2 Corrected silliness
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If your shell supports them, the simplest way of doing such manipulations would be to use process substitution: <(…) and >(…). This works in bash, zsh and ksh and possibly other shells. For example:

$ sort <(printf "b\nc\na\n")
a
b
c
$ ls
foo
$ cp <(find . -name foo) bar
$ ls
bar  foo

SoHowever, forthis won't help in the example you citestate since pdftotext will save in a text file. While your best choice (apart from the obvious one of using -) is to use /dev/stdout as suggested by @TiCPU, you wouldcould also use another shell feature. The construct !:N refers to the Nth argument of the previous command. Therefore, you could do:

cat$ <(pdftotext "C BY BRIAN W KERNIGHAN & DENNIS M RITCHIE.pdf")  out.txt
$ cat !:2

If your shell supports them, the simplest way of doing such manipulations would be to use process substitution: <(…) and >(…). This works in bash, zsh and ksh and possibly other shells. For example:

$ sort <(printf "b\nc\na\n")
a
b
c
$ ls
foo
$ cp <(find . -name foo) bar
$ ls
bar  foo

So, for the example you cite, you would do:

cat <(pdftotext "C BY BRIAN W KERNIGHAN & DENNIS M RITCHIE.pdf")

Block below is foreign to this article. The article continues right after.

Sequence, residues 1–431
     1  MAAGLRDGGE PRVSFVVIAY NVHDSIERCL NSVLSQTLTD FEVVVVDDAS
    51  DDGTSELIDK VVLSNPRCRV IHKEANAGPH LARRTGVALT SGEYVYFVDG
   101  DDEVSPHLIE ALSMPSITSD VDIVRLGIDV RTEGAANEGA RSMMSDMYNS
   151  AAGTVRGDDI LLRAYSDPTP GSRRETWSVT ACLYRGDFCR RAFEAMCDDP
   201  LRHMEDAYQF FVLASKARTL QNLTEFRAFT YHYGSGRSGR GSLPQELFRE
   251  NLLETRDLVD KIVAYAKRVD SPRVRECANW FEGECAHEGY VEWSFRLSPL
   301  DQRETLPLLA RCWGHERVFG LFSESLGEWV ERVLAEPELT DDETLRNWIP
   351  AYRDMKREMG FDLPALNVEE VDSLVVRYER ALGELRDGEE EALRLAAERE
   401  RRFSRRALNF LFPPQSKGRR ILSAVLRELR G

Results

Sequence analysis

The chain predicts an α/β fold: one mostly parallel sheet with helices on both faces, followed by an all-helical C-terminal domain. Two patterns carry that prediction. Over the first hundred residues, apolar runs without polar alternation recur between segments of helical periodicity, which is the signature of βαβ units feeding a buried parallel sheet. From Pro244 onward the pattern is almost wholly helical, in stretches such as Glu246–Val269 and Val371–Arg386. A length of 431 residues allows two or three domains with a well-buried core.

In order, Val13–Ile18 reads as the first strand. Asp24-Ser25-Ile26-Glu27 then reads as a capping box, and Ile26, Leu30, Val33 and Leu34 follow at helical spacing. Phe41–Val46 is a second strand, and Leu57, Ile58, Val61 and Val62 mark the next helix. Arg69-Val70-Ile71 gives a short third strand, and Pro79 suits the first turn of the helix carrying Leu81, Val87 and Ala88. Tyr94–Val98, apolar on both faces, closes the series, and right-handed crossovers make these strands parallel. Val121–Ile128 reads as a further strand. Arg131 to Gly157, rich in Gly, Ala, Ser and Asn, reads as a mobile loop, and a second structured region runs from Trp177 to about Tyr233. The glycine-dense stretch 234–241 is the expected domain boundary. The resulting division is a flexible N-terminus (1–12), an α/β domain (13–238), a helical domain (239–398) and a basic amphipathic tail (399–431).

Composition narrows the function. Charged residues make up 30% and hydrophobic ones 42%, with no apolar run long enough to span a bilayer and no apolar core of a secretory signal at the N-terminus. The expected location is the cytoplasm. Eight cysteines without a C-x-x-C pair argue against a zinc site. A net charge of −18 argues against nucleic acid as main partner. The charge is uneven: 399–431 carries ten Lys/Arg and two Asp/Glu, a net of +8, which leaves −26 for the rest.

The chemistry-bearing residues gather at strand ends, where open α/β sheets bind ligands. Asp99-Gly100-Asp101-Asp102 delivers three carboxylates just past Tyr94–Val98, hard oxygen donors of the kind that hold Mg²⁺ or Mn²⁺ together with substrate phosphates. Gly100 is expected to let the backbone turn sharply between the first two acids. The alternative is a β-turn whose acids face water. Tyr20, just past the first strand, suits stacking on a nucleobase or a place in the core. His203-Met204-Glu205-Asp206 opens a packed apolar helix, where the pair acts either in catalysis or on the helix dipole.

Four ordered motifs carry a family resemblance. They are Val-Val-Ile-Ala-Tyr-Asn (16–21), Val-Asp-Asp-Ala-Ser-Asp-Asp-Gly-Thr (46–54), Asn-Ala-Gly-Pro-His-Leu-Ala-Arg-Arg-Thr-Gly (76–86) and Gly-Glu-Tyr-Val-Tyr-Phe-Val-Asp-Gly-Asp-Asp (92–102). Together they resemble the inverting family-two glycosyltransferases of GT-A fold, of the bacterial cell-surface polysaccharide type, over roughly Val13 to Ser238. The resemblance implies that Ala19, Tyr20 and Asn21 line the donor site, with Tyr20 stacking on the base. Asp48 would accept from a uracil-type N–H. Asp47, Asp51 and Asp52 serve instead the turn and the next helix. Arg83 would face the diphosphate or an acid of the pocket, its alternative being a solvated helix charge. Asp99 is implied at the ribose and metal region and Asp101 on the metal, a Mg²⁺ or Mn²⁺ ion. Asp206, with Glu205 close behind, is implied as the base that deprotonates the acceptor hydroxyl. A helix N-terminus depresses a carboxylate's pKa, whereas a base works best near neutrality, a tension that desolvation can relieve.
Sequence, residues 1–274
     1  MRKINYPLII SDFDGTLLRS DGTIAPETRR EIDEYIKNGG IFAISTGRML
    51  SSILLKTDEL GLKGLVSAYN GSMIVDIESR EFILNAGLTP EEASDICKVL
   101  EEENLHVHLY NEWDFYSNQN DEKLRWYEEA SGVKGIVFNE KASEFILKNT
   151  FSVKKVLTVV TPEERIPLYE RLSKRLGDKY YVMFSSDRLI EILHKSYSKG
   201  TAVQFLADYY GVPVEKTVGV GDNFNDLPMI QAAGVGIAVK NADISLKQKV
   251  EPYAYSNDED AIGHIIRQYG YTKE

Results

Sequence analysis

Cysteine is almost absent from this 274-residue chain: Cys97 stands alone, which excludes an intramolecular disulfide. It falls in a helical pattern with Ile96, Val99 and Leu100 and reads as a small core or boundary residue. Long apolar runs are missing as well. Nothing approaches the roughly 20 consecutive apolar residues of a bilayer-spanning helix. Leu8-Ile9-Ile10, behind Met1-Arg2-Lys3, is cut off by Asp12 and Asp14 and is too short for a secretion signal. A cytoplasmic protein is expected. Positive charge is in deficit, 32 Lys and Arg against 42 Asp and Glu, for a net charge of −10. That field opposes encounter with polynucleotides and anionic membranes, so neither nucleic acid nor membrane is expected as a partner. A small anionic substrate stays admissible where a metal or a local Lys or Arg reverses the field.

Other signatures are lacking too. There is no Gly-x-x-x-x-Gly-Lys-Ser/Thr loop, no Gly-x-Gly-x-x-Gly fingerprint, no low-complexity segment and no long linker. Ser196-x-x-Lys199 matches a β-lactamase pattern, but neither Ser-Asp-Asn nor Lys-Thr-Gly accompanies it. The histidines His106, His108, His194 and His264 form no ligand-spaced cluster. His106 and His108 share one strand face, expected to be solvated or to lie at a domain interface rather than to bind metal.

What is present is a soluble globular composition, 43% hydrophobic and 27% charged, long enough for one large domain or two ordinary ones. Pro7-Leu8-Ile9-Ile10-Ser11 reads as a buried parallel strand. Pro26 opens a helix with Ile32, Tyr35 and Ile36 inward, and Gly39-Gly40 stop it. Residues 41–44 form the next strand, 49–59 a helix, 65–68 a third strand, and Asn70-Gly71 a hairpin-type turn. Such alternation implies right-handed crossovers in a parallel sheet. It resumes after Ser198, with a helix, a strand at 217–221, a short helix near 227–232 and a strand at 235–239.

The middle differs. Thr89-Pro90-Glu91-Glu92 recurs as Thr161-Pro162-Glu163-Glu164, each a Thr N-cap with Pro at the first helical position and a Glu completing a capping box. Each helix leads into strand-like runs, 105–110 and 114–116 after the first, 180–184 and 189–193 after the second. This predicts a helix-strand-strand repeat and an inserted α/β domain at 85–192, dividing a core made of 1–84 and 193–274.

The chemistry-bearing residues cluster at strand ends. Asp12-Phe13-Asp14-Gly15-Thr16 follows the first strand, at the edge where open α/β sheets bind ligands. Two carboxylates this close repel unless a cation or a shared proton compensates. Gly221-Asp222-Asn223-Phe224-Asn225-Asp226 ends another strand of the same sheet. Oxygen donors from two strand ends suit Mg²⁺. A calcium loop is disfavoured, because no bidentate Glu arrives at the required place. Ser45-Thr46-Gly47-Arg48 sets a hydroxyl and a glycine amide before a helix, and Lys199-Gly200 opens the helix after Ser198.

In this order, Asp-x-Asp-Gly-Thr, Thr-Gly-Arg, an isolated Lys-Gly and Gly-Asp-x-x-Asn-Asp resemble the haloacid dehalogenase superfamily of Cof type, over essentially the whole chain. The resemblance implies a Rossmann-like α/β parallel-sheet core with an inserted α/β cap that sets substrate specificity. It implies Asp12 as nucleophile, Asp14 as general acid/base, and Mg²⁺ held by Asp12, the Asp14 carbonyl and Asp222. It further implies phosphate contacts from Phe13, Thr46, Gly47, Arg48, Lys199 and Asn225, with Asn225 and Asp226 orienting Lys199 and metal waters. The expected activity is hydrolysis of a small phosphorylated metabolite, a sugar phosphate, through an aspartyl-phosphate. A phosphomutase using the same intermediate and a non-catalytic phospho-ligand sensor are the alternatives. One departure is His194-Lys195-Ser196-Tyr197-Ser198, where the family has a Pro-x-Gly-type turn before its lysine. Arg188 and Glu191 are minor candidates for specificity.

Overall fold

If your shell supports them, the simplest way of doing such manipulations would be to use process substitution: <(…) and >(…). This works in bash, zsh and ksh and possibly other shells. For example:

$ sort <(printf "b\nc\na\n")
a
b
c
$ ls
foo
$ cp <(find . -name foo) bar
$ ls
bar  foo

However, this won't help in the example you state since pdftotext will save in a text file. While your best choice (apart from the obvious one of using -) is to use /dev/stdout as suggested by @TiCPU, you could also use another shell feature. The construct !:N refers to the Nth argument of the previous command. Therefore, you could do:

$ pdftotext "C BY BRIAN W KERNIGHAN & DENNIS M RITCHIE.pdf"  out.txt
$ cat !:2
1
source | link

If your shell supports them, the simplest way of doing such manipulations would be to use process substitution: <(…) and >(…). This works in bash, zsh and ksh and possibly other shells. For example:

$ sort <(printf "b\nc\na\n")
a
b
c
$ ls
foo
$ cp <(find . -name foo) bar
$ ls
bar  foo

So, for the example you cite, you would do:

cat <(pdftotext "C BY BRIAN W KERNIGHAN & DENNIS M RITCHIE.pdf")